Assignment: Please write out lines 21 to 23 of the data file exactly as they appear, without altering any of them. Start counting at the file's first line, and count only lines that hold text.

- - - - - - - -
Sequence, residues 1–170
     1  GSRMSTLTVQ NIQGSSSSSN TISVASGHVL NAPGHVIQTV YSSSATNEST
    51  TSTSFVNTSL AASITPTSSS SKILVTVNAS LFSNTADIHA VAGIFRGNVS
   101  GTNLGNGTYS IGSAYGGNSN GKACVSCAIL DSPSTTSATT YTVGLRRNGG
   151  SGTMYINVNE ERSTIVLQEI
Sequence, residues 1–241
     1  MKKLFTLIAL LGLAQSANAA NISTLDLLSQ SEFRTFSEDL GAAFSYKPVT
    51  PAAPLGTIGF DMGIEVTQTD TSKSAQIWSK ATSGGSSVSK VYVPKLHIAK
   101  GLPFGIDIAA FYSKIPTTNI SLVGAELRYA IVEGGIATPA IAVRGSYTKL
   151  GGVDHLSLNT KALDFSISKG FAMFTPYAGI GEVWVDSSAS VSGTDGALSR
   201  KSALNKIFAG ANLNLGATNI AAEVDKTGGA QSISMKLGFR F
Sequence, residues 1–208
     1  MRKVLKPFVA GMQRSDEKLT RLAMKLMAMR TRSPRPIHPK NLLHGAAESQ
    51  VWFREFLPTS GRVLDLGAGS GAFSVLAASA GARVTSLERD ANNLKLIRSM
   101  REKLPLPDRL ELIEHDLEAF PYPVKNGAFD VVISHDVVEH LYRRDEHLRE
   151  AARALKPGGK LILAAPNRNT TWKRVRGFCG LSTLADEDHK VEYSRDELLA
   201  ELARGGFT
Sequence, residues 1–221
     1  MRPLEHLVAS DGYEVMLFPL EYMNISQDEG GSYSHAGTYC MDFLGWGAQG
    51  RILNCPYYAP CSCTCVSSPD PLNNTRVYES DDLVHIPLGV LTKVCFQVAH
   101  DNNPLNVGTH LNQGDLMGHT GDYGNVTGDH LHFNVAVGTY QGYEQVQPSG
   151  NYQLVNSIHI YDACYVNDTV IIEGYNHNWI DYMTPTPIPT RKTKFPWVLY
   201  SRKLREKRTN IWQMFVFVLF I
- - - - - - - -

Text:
   101  DNNPLNVGTH LNQGDLMGHT GDYGNVTGDH LHFNVAVGTY QGYEQVQPSG
   151  NYQLVNSIHI YDACYVNDTV IIEGYNHNWI DYMTPTPIPT RKTKFPWVLY
   201  SRKLREKRTN IWQMFVFVLF I